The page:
Decision letter | Habitat and social factors shape individual decisions and emergent group structure during baboon collective movement

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Habitat and social factors shape individual decisions and emergent group structure during baboon collective movement

Decision letter

Affiliation details

Princeton University, United States; Max Planck Institute for Ornithology, Germany; University of Konstanz, Germany; University of Oxford, United Kingdom; University of California, Davis, United States; Smithsonian Tropical Research Institute, Panama
Catherine Carr, University of Maryland, United States

In the interests of transparency, eLife includes the editorial decision letter and accompanying author responses. A lightly edited version of the letter sent to the authors after peer review is shown, indicating the most substantive concerns; minor comments are not usually included.

Thank you for submitting your article "Habitat structure shapes individual decisions and emergent group structure in collectively moving wild baboons" for consideration by eLife. Your article has been favorably evaluated by Eve Marder (Senior Editor) and three reviewers, one of whom is a member of our Board of Reviewing Editors. The reviewers have opted to remain anonymous.

The reviewers have discussed the reviews with one another and the Reviewing Editor has drafted this decision to help you prepare a revised submission

The consensus among your reviewers is that your manuscript, on how habitat structure shapes individual decisions and emergent group structure in collectively moving wild baboons, has a well-developed approach to collective behavior, but that you have rather oversold the novelty of your approach. We think that your manuscript would benefit from a more explicit exploration of your results.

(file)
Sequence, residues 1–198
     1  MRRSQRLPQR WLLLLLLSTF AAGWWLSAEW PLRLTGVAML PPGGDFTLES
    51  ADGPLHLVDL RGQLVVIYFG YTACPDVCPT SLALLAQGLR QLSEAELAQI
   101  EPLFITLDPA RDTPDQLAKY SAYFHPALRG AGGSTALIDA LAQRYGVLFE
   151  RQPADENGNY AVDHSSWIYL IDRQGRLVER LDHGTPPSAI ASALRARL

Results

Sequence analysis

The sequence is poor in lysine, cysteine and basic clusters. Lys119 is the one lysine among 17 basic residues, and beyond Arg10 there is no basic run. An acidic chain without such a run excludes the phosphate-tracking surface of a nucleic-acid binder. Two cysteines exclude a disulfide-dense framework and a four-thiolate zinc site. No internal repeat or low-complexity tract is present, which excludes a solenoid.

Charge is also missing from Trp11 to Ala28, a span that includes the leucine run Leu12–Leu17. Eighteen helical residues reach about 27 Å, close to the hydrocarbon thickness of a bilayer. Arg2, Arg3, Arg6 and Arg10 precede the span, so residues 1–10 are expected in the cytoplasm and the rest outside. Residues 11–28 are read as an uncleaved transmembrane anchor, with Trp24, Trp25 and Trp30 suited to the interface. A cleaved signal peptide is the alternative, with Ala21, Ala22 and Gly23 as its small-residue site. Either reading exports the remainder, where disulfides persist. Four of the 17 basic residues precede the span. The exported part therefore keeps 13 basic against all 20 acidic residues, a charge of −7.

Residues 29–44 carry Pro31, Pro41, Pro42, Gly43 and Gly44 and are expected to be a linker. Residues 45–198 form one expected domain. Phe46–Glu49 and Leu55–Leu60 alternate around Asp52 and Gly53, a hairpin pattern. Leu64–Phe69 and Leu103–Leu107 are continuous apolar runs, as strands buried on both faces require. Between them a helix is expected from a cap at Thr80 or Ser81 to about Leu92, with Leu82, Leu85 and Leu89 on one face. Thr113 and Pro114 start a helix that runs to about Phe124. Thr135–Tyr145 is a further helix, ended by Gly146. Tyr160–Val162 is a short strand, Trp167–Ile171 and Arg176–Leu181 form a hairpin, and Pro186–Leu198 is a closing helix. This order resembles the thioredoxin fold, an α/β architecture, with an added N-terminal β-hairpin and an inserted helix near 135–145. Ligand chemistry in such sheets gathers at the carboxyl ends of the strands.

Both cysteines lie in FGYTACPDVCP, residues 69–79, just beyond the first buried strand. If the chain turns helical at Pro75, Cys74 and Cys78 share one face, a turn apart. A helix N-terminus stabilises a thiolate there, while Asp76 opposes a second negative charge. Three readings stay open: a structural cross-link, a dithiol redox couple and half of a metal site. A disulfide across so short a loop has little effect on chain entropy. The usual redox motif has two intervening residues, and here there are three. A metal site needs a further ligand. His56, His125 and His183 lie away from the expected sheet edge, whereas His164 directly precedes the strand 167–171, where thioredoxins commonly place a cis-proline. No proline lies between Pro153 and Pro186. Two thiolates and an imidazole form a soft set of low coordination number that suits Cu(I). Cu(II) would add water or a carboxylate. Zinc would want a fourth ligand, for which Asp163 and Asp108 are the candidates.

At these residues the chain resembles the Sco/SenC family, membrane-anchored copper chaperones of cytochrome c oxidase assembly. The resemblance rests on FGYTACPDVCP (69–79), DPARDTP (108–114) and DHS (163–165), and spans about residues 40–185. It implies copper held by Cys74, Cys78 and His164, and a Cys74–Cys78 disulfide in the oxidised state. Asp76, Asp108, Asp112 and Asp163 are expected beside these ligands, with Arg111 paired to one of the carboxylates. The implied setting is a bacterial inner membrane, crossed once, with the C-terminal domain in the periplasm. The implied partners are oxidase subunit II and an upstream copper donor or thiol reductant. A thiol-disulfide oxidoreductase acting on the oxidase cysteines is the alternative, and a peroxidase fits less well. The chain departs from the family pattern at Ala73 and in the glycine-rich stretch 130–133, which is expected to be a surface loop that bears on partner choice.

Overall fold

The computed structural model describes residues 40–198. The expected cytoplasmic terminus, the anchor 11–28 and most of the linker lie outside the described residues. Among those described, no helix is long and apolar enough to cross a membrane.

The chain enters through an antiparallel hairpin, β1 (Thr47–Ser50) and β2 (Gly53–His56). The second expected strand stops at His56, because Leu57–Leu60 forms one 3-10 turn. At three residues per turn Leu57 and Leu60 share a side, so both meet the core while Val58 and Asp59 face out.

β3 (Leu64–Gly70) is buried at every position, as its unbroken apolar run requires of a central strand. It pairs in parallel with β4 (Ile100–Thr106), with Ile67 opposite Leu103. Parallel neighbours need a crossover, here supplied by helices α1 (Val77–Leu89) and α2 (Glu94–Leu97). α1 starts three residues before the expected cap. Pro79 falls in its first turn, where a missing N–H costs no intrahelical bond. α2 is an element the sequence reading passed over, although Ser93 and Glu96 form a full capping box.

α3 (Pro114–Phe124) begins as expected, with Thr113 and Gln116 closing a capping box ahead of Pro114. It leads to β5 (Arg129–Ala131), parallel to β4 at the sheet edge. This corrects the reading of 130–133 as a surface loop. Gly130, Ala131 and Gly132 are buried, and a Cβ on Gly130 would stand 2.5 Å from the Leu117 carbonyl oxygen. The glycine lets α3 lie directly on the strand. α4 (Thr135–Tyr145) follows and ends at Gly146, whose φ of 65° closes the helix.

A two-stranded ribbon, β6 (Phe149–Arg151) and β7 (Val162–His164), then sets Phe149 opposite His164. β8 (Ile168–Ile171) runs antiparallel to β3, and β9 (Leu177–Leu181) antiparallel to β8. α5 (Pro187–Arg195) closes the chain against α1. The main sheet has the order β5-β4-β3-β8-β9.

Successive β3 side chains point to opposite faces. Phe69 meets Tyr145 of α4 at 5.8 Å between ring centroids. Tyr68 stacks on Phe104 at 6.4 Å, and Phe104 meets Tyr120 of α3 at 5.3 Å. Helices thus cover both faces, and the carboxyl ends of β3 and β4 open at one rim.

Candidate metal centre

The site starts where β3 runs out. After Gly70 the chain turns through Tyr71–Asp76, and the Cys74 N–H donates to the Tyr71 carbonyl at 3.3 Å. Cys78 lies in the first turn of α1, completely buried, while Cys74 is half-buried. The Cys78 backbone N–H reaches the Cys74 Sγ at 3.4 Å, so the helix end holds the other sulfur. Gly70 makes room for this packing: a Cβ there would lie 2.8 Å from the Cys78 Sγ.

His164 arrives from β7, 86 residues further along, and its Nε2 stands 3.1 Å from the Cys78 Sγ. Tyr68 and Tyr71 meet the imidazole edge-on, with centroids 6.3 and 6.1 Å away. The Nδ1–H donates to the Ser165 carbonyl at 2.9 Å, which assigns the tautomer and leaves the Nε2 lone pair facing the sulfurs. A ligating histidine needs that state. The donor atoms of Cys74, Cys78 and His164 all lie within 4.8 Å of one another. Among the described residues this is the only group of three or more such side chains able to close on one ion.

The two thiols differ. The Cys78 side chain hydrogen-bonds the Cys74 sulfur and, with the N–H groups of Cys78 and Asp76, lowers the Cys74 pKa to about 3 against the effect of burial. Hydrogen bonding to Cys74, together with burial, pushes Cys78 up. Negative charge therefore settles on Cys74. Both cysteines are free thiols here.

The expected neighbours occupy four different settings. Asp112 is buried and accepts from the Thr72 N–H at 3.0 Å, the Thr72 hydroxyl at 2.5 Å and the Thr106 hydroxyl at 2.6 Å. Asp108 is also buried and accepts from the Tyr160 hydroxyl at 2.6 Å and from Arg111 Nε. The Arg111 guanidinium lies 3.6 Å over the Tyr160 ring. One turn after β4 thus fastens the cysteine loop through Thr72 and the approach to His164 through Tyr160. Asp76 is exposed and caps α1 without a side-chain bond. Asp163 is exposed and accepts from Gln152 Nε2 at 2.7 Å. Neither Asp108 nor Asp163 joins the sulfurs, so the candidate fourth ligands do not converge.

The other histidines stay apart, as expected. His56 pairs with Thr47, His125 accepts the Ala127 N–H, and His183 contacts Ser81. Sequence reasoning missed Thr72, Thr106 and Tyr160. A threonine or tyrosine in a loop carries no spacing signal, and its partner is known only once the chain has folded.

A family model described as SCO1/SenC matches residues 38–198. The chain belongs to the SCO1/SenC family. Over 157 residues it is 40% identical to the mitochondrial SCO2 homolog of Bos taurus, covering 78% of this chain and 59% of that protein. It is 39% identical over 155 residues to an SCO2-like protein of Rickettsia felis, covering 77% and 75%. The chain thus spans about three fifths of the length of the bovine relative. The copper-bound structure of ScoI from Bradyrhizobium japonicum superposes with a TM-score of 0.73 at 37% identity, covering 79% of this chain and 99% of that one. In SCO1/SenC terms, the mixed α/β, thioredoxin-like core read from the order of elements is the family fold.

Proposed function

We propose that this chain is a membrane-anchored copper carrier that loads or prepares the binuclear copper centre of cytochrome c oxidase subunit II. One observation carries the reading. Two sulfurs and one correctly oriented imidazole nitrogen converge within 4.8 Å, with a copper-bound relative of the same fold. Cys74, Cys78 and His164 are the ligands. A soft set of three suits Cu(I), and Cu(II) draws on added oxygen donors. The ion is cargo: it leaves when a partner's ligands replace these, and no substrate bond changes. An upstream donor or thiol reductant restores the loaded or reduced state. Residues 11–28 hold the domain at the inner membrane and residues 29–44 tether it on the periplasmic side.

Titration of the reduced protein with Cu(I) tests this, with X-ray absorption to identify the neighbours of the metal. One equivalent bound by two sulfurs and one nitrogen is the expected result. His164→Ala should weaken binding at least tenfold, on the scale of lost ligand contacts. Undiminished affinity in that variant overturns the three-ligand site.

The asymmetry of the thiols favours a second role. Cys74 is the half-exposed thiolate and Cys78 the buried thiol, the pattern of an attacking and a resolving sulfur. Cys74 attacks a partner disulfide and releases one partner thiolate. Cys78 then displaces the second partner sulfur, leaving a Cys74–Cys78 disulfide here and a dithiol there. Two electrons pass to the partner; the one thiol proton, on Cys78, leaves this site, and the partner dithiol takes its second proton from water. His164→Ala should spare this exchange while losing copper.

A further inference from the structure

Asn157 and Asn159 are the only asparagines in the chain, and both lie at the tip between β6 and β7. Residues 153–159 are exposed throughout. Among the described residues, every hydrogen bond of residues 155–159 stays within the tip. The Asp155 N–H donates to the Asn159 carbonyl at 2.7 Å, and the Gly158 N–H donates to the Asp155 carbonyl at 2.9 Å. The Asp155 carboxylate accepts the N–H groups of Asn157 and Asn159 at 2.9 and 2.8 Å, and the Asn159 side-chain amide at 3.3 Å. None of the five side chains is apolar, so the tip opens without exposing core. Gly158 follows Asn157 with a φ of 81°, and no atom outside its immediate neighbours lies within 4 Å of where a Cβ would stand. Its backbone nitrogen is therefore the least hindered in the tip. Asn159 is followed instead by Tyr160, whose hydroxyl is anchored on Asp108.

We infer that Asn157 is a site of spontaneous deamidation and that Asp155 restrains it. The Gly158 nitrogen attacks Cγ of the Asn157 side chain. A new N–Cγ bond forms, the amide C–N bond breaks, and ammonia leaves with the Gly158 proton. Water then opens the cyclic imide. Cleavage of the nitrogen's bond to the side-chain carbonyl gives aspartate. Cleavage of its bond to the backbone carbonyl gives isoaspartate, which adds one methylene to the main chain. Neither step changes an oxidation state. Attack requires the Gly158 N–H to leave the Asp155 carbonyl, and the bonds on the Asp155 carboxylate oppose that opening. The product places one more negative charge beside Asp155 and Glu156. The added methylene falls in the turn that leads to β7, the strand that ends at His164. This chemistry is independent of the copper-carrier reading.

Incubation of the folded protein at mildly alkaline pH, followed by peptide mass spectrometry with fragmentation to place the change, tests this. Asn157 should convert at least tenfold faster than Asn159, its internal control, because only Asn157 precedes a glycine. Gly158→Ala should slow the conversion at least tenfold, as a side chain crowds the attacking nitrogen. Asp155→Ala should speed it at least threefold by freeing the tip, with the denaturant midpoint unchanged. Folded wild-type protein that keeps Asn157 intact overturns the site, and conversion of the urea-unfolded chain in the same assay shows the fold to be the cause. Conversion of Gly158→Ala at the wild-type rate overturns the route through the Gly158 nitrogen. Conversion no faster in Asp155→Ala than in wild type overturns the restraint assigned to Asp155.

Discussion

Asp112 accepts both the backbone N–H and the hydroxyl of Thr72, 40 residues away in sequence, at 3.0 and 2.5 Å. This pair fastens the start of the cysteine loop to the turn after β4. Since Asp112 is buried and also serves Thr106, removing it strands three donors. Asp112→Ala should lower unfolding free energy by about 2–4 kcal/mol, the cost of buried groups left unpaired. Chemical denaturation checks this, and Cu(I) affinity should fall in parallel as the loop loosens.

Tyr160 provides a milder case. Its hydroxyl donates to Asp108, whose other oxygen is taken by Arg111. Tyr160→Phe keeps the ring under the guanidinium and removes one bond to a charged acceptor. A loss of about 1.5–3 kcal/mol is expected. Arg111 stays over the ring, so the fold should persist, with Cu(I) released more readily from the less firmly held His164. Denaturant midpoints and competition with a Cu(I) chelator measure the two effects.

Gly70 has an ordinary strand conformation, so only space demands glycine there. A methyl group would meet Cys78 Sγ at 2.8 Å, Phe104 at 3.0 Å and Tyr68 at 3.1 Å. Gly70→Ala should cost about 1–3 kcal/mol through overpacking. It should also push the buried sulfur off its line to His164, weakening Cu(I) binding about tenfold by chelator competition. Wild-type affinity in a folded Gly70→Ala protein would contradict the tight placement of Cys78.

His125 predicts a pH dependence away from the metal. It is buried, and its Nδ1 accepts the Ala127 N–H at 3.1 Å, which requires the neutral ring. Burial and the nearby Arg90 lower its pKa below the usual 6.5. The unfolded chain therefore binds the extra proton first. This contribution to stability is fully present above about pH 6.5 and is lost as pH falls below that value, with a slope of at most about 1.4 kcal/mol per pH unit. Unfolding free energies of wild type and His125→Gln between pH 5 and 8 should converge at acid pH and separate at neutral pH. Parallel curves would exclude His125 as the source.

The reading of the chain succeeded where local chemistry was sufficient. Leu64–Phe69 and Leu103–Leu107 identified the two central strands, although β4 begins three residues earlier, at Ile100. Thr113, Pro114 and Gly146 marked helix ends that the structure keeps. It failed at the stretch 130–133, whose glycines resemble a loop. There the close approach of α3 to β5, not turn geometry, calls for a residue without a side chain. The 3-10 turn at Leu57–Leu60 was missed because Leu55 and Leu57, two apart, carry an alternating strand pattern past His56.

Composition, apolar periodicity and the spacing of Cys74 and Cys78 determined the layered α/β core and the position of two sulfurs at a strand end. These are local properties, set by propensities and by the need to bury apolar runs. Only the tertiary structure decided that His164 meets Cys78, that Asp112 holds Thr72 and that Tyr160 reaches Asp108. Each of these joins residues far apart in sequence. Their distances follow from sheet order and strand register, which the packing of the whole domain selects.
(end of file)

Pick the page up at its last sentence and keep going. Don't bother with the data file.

One reviewer notes several major concerns. First, there were no specific hypotheses tested in this study, other than the expectation that both social and habitat factors influence individual movement and collective patterns. Both reviewers think it possible that your manuscript could be revised to focus on some hypotheses, for example, about why different features of the habitat are important. In general, eLife does not send authors back to collect more data, but a more focused analysis could be beneficial.


Your reviewers would like to see a more explicit, hypothesis driven exploration of your results, to explore what features of the habitat influence the group coordination. A second major concern is that your claims of technical advances are not well supported.

Essential revisions:

Technical advances are shared by, for example.

Vanak AT et al. 2013. Moving to stay in place: behavioral mechanisms for coexistence of African large carnivores. Ecology 94, 2619- 2631.

Latombe G et al. 2013. Spatiotemporal dynamics in the response of woodland caribou and moose to the passage of gray wolf. J. Anim. Ecol. 83, 185- 198.

Potts, J. R., Mokross, K., & Lewis, M. A. (2014). A unifying framework for quantifying the nature of animal interactions. Journal of the Royal Society Interface, 11(96), 20140333.

This should be addressed.

At present, the approaches used to link habitat and collective movement are not really compelling. There is concern about your metrics describing collective movement, and how they might be influenced by habitat variables. Since groups can be in different types of habitats, especially at your spatial resolution, you might instead model the collective movement metrics in response to habitat variables. Similarly, it is not clear why you have compared environmental contexts for roads and environmental density but not for other variables.

The leader – follower measure seems largely disconnected from issues of resource availability. Does this imply that baboons are ecologically extreme in some sense such that group cohesion consistently trumps concerns about resource exhaustion and trailing individuals 'losing out' to those they follow through the landscape? Such issues of resource access relative to intra-group position are a fundamental tenet in other studies of the movement of primate groups. Alternatively, are the landscapes simply so lush that there is no risk of resource limitation among group members? Your reviewers would like to see some explanation for this primacy of group cohesion over other considerations.

There is a concern about the short time-duration of their analyzed tracking data. You might include more discussion of why the significant habitat parameters may be biologically important for baboons, more background on the socioecology of olive baboons, and address what could be added with a longer study period.